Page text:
Eddie Peake


at White Cube Bermondsey

Eddie Peake: Roma, 2017, acrylic and spray paint on canvas, 78¾ by 122 inches; at White Cube Bermondsey


Eddie Peake grew up near Finsbury Park in North London and as a teenager hung out at a concrete recreation ground there. Ostensibly this is salient because his exhibition, “Concrete Pitch,” harks back to that gritty, multicultural, urban setting. Yet actually it’s of very little consequence. A specially constructed room within the gallery houses DJs from Kool FM, a former pirate radio station, now internet-based, that during the ’90s helped shape the music scene around the emerging genres of jungle and drum ’n’ bass. There are a number of luridly colored paintings whose spray-painted designs are meant to recall Peake’s involvement with graffiti, as well as the overlapping patterns formed by fly-posters on walls. The central installation, consisting of a long, snaking row of steel tables bearing various objects, is titled Stroud Green Road, after the neighborhood’s main thoroughfare. None of this, however, tells us anything particularly interesting, or reveals anything meaningful about Peake’s experience, which is why the facts of his background seem so inconsequential. The show is intended as a kind of love letter to his old stomping ground, but it comes off more like an artier, edgier version of some tourist-board commercial, dealing essentially in cultural familiarity and cliché. And though Peake states, in the accompanying materials, that his work expresses a “quest for identity,” surely identity means more than merely indexing one’s own past in a sort of résumé.

The radio broadcast transmitting live from the Kool FM booth, at least, is enjoyably incongruous. The DJs give frequent shoutouts to White Cube, while frenetic breakbeats fill the exhibition space, mixing with a droning hum from speakers contained in Stroud Green Road (the sounds are apparently distorted samples and local field recordings). Still, it’s slightly disappointing to discover that Peake did a similar piece involving the station for his MFA show in 2013. There’s a sense of familiarity to the paintings, too. Enough has been written elsewhere about the march of zombie formalism. Suffice it to say that Peake’s large abstractions represent the poppier, jazzier end of the spectrum: exactly the sort of thing you might expect, in fact, when a young art star, known primarily for his performance work, gets taken on by a global mega-gallery prior to his graduate exhibition and has to churn out stuff to actually sell.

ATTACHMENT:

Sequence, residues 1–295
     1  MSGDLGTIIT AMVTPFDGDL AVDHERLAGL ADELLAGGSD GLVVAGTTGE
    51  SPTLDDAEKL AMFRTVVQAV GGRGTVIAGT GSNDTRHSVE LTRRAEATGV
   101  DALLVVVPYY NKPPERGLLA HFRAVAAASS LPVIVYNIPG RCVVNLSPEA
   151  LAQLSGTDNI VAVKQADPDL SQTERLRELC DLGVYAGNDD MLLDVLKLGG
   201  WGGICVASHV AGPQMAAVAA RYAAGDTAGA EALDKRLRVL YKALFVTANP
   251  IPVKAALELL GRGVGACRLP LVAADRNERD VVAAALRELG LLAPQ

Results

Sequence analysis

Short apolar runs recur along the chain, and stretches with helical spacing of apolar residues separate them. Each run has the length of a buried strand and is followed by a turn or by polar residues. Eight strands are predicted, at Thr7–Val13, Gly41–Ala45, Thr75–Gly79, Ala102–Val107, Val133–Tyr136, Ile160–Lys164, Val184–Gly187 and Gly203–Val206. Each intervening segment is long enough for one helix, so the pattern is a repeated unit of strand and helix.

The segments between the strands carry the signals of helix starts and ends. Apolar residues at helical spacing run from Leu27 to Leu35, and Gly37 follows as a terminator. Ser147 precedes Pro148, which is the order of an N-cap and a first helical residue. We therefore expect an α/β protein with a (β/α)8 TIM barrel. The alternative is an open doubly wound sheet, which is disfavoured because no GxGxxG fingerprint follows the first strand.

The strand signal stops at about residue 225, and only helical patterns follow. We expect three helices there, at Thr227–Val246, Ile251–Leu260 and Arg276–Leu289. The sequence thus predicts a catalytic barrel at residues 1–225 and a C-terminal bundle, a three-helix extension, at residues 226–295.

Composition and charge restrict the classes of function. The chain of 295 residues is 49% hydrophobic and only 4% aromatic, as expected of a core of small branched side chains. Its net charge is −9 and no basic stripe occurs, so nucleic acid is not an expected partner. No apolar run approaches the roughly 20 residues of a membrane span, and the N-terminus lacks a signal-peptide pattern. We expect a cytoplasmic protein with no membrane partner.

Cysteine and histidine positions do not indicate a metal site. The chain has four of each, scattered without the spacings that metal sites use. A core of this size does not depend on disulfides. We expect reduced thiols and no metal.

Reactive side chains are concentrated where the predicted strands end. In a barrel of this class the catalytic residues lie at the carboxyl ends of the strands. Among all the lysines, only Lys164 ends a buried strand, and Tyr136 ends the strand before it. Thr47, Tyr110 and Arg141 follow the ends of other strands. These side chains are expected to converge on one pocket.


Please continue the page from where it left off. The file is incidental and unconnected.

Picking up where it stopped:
Peake’s performances in the show depart from previous pieces for which he choreographed the actions of (typically naked) others. His own acts here seem deliberately unstructured, even mundane—whether he’s sitting and checking emails in the office space beside the radio station or dressing in a clownlike onesie, wandering about the gallery, writing snippets of graffiti on a wall. At one point when I was here, he fetched a ladder and climbed into a tiny high-walled cubicle, bringing a book with him, which wasn’t a great sign. He stayed there, unseen, for more than half an hour.

Yet in a way, Peake’s inactivity, his lack of presence, points to the most interesting aspect of the show, involving his perennial theme of bodies and gender. Testeen (2018), a video projection inside a diaphanous, curtained-off area, depicts naked dancers. The tables in Stroud Green Road display various corporeal stand-ins or representations: plaster sculptures and neon-light outlines of organs and limbs, and spillages of blue or pink hair gel. The entire gallery is suffused in pinkish, fleshy light. It’s in this context that Peake’s “quest for identity” starts to make more sense—not in the fact of arriving anywhere in particular, but rather in the very yearning for some sort of physical coherence, for a sense of substance and stability that exists beyond the realm of mere signifiers and symbols.